Communique by two info commissioners to top official ignored
The offices of two state information commissioners at Nagpur and Aurangabad may not be able to function in the near future due to a severe shortage of funds.
The funds are required for the day-to-day operations and to pay stationery, telephone, electricity and travel bills of the office.
The state information commissioner's office allocates funds to the regional bureaus.
The commissioners, Vilas Patil of the Nagpur bench and VB Borge of the Aurangabad bench, have written to state chief information commissioner Suresh Joshi saying that their offices are cash-strapped and will have to close down for want of funds.
Both Patil and Borge along with information commissioner of the Pune bench Vijay Kuvalekar have openly accused Joshi of laxity in allocation of funds for day-to-day administrative expenses.
The situation is on the verge of collapse, the SICs have said.
Patil, in a letter to Joshi on January 29, wrote that Rs2lakh was required to meet operational expenses like computer repairs, postage stamps, vehicle allowance, telephone expenses and newspaper bills pending for the past three months.
Patil also brought to Joshi's notice that an urgent requirement of Rs7.50 lakh for office furniture, partition and electricity appliances has not been met with.
"The size of the Mumbai SIC office is just half of the Nagpur office, but the expenditure is incurred again and again for its renovation," Patil said, adding that the Amravati bench has been advised to seek funds from Nagpur. "Is it a sign of administrative incompetence," he wrote.
Borge, in a separate communication to Joshi last November, said that the Aurangabad office had run up unpaid bills. "The office stationary alone has arrears to the tune of Rs44,000 and we will not get stationary till the arrears are paid," he wrote.
"The stamps used for postal communication will also be over soon. We cannot purchase them from our pockets which we have been doing till now. There is a likelihood of the office being closed down," Borge wrote.
Kuvalekar, in another written complaint to Joshi, pointed out that the proposal seeking four typists has been pending with the CIC since August 2008. "Since June 2008, no vehicle or telephone allowance has been given to the Pune bench. I had to spend from my own pocket to conduct the district level and special hearings from June to September 2008. Afterwards, I was forced to stop the hearings due to absence of funds from your office," Kuvalekar said.
City-based Right To Information (RTI) activist Vijay Kumbhar, who had earlier invoked the act and obtain documents to show the discord between the CIC and the SICs, said that it was unfortunate that the SICs are contemplating closure. "Given the increase in applications and the slower rate of disposal, this will only defeat the purpose of the Right to Information Act," said Kumbhar.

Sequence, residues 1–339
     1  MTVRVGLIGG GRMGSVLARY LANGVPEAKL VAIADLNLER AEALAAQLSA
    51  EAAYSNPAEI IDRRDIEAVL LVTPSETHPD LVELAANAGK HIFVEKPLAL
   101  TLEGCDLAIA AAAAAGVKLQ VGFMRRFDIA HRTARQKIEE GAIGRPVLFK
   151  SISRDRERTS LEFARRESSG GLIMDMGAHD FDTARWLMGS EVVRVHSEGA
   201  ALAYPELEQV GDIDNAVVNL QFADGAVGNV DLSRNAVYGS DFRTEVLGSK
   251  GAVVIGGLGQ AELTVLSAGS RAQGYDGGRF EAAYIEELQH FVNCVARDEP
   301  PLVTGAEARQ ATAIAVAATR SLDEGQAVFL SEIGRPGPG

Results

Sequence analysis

State information commissioner (SIC), Pune bench, Vijay Kuvalekar has alleged in a letter to the state chief information commissioner (CIC) Suresh Joshi that the CIC has failed in establishing a basic system for the coordinated and effective functioning of the information commission and in taking the initiative for disposal of the pending Right to Information (RTI) appeals.
Kuvalekar had sent a strongly worded letter to the state CIC a few months ago. A copy of the correspondence between Kuvalekar and CIC was procured recently by RTI activist Vijay Kumbhar.
Kumbhar had earlier brought to public notice the functioning of two top state officials by using the RTI Act, 2005 provisions. He had obtained documents of the correspondence between the state information commissioner (SIC) of the Nagpur bench and the CIC.
Kumbhar had highlighted the backlog of RTI cases due to the rift between the two. Nagpur bench SIC Vilas Patil, in a letter to Joshi, had alleged that the functioning of the CIC's office was neither transparent nor efficient.
In his letter, Kuvalekar has said that considering the pendancy of RTI appeals in the state, a special drive needs to be taken to bring down the duration of pendancy to six months. It could be achieved within four months.
"While the state government has adopted positive attitude toward the implementation of the RTI act, the leadership of information commission is not establishing a basic system for the same," he wrote to Joshi, adding that people have high expectations from the RTI.
He said the functioning of state information commission was not going on in a coordinated manner. Various benches of the information commission were undertaking initiatives to speed up work. But nothing is being done by the commission to coordinate their activities.
He wrote that there is no certain process in the functioning of the commission and setting of rules even after three years of the prevalence of the RTI Act, 2005.
He said that the set of rules was discussed and finalised in a meeting between CIC Joshi and the then SICs including himself. SIC Vilas Patil had prepared a detailed draft. But the final set of rules has not been published so far.
Chhattisgarh has published the set of rules but Maharashtra, which is in the forefront in implementing the act, has not made it public.